Background: Previous literature has associated hip weakness with patellofemoral pain syndrome.
Hypothesis: Improvements in hip strength and flexibility are associated with a decrease in patellofemoral pain.
Study design: Cohort study; Level of evidence, 2.
Methods: Thirty-five patients with patellofemoral pain syndrome, aged 33 +mn; 16 years (29 women, 6 men; 43 knees), were evaluated and placed on a 6-week treatment program. Hip flexion, abduction, and adduction strengths, Thomas and Ober test results, and visual analog scale scores for pain with activities of daily living as well as with exercise were documented on initial evaluation and again 6 weeks later. Treatment consisted of strength and flexibility exercises primarily focusing on the hip.
Results: Hip flexion strength improved by 35% +/- 8.4% in 26 lower extremities treated successfully, compared with -1.8% +/- 3.5% in 17 lower extremities with an unsuccessful outcome (P < .001). Before treatment, there were positive Ober test results in 39 of 43 lower extremities; positive Thomas test results were seen in 31 of 43 lower extremities. A successful outcome with a concurrent normalized Ober test result was seen in 83% (20/24) of lower extremities, and successful outcomes with normalized Thomas test results were seen in 80% (16/20) of lower extremities. A combination of improved hip flexion strength (> 20%) as well as normal Ober and Thomas test results was seen in 93% of successfully treated cases (14/15 lower extremities), compared with 0% success (0/5 lower extremities) if there was no change in hip flexion strength (< 20%) and if Ober and Thomas test results remained positive.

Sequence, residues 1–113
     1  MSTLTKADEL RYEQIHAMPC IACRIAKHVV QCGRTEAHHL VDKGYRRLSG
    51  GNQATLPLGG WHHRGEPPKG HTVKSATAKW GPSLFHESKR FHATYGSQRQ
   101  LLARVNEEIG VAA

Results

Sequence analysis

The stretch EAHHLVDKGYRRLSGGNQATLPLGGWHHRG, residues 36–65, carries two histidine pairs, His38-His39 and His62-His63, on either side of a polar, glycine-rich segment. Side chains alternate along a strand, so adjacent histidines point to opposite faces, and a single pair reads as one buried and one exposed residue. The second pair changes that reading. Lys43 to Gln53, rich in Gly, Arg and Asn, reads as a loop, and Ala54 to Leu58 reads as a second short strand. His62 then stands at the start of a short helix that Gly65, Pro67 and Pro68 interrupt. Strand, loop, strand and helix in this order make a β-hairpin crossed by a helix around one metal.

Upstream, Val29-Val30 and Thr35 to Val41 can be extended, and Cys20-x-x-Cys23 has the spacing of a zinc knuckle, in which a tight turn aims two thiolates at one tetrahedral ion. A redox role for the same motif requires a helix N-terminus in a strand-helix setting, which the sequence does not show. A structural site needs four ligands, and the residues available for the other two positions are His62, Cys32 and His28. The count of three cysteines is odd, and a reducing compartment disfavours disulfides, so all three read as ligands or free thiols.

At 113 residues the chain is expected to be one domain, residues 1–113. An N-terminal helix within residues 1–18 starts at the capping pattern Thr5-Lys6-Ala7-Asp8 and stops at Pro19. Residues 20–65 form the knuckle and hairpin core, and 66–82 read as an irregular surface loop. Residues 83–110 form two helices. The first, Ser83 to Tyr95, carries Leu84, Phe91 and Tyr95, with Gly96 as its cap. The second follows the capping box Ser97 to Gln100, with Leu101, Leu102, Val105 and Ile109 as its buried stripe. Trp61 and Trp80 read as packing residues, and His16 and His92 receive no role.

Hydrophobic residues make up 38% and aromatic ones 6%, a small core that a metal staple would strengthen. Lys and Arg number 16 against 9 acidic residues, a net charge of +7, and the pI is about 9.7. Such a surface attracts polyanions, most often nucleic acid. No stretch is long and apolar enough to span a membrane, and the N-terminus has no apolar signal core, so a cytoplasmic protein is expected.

Conclusions: Improvements in hip flexion strength combined with increased iliotibial band and iliopsoas flexibility were associated with excellent results in patients with patellofemoral pain syndrome.